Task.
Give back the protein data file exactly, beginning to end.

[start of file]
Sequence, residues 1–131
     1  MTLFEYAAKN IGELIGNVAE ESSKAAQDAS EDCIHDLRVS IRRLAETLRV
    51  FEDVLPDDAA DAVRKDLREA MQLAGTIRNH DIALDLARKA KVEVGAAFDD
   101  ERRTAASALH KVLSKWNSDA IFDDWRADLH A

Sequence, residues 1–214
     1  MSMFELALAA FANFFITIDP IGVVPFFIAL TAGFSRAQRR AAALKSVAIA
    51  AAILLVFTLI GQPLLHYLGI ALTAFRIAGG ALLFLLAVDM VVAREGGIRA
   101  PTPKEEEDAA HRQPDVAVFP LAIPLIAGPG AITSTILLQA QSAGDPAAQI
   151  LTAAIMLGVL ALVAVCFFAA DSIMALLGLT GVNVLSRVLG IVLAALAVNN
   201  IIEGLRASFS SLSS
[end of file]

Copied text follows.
Sequence, residues 1–131
     1  MTLFEYAAKN IGELIGNVAE ESSKAAQDAS EDCIHDLRVS IRRLAETLRV
    51  FEDVLPDDAA DAVRKDLREA MQLAGTIRNH DIALDLARKA KVEVGAAFDD
   101  ERRTAASALH KVLSKWNSDA IFDDWRADLH A

Sequence, residues 1–214
     1  MSMFELALAA FANFFITIDP IGVVPFFIAL TAGFSRAQRR AAALKSVAIA
    51  AAILLVFTLI GQPLLHYLGI ALTAFRIAGG ALLFLLAVDM VVAREGGIRA
   101  PTPKEEEDAA HRQPDVAVFP LAIPLIAGPG AITSTILLQA QSAGDPAAQI
   151  LTAAIMLGVL ALVAVCFFAA DSIMALLGLT GVNVLSRVLG IVLAALAVNN
   201  IIEGLRASFS SLSS